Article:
Mock Trial Expands

Theresa+Easley+%28%2722%29%2C+Jocelyn+Defauw+%28%2723%29%2C+Maddie+Gregurek+%28%2722%29%2C+and+Sadie+Pichelmann+%28%2723%29+watch+Peter+Stelter%27s+%28%2721%29+argument.
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Mock Trial Expands

Theresa Easley ('22), Jocelyn Defauw ('23), Maddie Gregurek ('22), and Sadie Pichelmann ('23) watch Peter Stelter's ('21) argument.

Theresa Easley ('22), Jocelyn Defauw ('23), Maddie Gregurek ('22), and Sadie Pichelmann ('23) watch Peter Stelter's ('21) argument.

Annalise Meyer ('23)

Theresa Easley ('22), Jocelyn Defauw ('23), Maddie Gregurek ('22), and Sadie Pichelmann ('23) watch Peter Stelter's ('21) argument.

Annalise Meyer ('23)

Annalise Meyer ('23)

Theresa Easley ('22), Jocelyn Defauw ('23), Maddie Gregurek ('22), and Sadie Pichelmann ('23) watch Peter Stelter's ('21) argument.

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Luther College’s Mock Trial teams experienced unprecidented growth this fall, leading to the formation of a third team. Luther College has never had a C team in its Mock Trial history. Comprised predominantly of first years and others new to Mock Trial, the whole team was eager to participate in their first tournament of the season.

  The Mock Trial team had its first tournament during the weekend of Oct. 11-13 in the Twin Cities.  Known as the Nordic Undergraduate Mock Battle XII, the invitational was held at the Unniveristy of Minnesota’s West Bank campus. Luther sent two separate teams to compete in the conference, while C team observed in preparation for their first competative trial, which will take place later this month. They finished with a record of 5-3 for A team and 1-6-1 for B team.  A team ranked 7th out o f 25 teams, and Kyle Brusco ‘22) won an outstanding attorney award, and was rewarded with a mini rubber duck in a long boat and viking helm. 

The mock trial program saw an unexpected increase in members this year. While mock trial teams usually consist of two groups, the expansion this year has resulted in an additional team. The C team was created in order to incorporate the new members, the majority of which have had no experience with the extracurricular activity.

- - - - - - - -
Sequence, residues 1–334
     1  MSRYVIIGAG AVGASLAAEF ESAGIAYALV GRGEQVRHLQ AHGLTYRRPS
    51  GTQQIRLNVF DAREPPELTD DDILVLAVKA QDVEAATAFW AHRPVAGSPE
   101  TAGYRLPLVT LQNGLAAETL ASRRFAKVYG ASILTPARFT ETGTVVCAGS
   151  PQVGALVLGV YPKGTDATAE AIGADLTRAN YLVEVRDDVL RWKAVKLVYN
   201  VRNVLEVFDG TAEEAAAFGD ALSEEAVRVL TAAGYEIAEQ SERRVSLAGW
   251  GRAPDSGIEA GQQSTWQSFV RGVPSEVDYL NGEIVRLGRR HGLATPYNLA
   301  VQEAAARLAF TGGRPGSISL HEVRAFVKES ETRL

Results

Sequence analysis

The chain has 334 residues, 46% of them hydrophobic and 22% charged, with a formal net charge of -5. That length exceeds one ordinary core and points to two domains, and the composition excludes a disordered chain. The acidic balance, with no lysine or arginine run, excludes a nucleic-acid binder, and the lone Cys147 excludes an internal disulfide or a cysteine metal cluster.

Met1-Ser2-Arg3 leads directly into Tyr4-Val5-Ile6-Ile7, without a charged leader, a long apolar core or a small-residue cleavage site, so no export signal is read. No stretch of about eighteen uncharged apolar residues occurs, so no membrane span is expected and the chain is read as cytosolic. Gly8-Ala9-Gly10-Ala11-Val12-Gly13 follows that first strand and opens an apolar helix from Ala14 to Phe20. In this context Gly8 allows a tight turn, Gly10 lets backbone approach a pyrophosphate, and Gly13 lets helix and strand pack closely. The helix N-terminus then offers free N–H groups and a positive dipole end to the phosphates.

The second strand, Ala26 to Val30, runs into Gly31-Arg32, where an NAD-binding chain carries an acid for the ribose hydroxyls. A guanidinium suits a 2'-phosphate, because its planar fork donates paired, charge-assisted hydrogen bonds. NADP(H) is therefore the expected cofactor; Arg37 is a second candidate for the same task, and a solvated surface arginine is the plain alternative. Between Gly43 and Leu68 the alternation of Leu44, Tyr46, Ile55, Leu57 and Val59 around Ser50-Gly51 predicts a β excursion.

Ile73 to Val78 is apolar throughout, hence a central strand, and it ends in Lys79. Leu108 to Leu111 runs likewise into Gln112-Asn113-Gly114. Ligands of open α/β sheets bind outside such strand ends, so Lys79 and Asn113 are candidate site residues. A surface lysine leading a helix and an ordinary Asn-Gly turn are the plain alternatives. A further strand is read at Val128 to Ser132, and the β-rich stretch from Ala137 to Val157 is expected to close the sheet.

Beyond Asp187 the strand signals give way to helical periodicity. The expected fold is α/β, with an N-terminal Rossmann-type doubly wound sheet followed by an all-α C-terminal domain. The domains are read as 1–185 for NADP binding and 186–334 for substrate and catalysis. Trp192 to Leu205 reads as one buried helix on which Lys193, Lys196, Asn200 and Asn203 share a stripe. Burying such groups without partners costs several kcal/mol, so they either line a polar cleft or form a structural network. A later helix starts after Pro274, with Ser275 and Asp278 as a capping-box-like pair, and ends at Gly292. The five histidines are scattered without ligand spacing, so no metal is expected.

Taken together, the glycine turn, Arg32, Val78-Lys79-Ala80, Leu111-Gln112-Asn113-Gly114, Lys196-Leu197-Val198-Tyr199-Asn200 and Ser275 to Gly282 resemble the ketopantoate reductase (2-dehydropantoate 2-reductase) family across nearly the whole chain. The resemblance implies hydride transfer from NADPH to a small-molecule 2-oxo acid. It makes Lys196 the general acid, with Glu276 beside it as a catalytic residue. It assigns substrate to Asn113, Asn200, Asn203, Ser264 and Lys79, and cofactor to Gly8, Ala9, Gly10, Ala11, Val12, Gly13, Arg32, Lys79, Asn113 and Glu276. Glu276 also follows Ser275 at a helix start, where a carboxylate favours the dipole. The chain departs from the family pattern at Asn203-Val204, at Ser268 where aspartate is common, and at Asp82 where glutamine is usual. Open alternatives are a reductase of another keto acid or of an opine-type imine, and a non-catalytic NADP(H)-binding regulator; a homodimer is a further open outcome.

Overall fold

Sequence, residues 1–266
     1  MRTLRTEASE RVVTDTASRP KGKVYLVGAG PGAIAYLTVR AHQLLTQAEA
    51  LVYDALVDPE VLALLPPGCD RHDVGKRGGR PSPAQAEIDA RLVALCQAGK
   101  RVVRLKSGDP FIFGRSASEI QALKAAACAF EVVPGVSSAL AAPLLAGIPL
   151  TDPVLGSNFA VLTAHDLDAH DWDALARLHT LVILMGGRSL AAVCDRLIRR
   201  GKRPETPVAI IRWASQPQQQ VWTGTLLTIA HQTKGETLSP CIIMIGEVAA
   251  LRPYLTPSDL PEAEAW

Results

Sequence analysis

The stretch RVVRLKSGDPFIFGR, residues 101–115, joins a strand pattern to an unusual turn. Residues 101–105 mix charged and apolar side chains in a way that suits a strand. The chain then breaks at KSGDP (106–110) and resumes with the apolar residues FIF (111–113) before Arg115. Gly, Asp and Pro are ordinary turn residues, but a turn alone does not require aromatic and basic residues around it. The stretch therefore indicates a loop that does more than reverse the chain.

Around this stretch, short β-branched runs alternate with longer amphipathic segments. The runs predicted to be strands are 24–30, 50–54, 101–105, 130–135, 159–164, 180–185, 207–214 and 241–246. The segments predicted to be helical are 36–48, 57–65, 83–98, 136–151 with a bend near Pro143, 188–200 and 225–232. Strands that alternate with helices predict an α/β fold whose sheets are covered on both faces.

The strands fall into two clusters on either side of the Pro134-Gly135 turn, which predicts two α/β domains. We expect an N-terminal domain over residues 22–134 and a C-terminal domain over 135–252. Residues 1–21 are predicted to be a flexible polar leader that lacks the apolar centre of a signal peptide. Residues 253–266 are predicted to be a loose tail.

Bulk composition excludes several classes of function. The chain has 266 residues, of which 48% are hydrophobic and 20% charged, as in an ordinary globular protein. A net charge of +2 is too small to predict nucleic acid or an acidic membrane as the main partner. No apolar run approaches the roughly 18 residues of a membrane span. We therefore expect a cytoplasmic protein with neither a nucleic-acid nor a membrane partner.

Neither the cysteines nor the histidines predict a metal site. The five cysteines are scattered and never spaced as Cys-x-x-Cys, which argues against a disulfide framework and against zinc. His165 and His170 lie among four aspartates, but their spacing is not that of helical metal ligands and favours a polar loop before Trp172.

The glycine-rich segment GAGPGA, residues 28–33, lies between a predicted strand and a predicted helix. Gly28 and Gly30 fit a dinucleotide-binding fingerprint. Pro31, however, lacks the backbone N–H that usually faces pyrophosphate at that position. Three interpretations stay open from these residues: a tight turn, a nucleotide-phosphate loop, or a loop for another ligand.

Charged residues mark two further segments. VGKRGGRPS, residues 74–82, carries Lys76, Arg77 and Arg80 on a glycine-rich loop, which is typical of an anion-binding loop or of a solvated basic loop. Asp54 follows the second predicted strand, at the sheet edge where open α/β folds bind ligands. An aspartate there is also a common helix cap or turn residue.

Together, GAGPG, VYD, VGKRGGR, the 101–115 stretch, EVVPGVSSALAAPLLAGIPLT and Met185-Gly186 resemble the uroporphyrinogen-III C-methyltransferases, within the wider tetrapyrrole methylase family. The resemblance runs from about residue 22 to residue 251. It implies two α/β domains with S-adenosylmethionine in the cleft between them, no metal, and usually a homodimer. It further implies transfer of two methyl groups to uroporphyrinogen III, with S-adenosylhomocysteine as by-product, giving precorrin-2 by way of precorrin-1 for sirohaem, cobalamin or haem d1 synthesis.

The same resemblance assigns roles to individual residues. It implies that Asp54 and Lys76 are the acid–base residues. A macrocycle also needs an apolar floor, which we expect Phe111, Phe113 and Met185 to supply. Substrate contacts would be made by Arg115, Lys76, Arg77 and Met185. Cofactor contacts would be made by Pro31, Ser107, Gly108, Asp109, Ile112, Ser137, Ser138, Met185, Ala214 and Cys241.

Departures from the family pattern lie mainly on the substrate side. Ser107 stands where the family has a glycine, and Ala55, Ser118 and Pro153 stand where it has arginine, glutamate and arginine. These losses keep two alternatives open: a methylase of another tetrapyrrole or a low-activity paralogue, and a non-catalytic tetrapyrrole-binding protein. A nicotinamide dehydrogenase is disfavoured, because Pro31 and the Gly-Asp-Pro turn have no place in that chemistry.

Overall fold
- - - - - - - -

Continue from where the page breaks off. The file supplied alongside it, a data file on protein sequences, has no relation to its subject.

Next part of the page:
“The most that we’ve had to train is maybe two to three people a season,” A team co-captain Peter Stelter (‘21) said. “Now, we have an entire composite team of eight people to which we have to teach all of the aspects about mock trial: how to write a direct examination, how to write a cross examination, openings, closings, the law, trial etiquette, and everything in between. . . It sounds difficult in theory, but the team and everyone that’s new has had such an amazing work ethic.” 

Another challenge that the larger team brings is  financing the economic needs of three groups. While the team hosts fundraising events, such as a Culver’s night and T-shirt sales, the money from these oppurtunitys rarely covers the costs of the teams, and grant approvals have thus far fallen through.  

“Our budget has been tight to begin with for an A and B team,” B team co-captain Maddie Gregurek (‘22) said. “To fit a C team in, we’ve tried to look for some outside grants, but competitions have entry fees that normally range anywhere in the hundreds of dollars. Plus, we have hotels and materials and case licensing. So we are struggling right now with financing our team.”

As a Mock Trial team, participants partake in an imitation of a court proceeding. Participants rehearse trials to demonstrate their understanding of the legal system in a competitive atmosphere. This year, for example, the mock trial competition utalized a case in which a mother is accused of pushing her child off of a cliff. 

“It’s a lot of memorization, of practicing, of making sure you sound natural,” former mock trial captain Katrina Meyer (‘19) said. “If you’re an attorney, you need to know what objections to make, what objections you think are coming, and how to respond to objections that you might get. You need to know your case law.  The witnesses have to know their affidavits really well because  you can be asked anything, and if you make a mistake the other team can impeach you. You really just need to be on your toes.” 

The origins of college mock trial can be traced back to 1985, where it was established at Drake Law School. A mock trial team typically has two groups that compete at tournaments. Each group has 10 members who work to build cases  for the prosecution and defense in the trial. Groups do not learn whether they will act as the prosecution or the defense until the first round of their tournament, so they must prepare for both. 

While this year brings a new set of challenges, the team is optimistic about the coming year of competition. 

“I think we have a really good group this year,”  mock trial member Anna Luber (‘20) said. “We have a lot of bright minds on the team. We have a great time; we always have. We are all great friends. Besides that, it’s really taught me how to argue and how to stand up and talk in public, and those are very valuable skills.”

Mock Trial’s next tournament will happen the weekend of Oct. 26-27 in Kenosha, Wisconsin. C team will make their competative debute at this event. 

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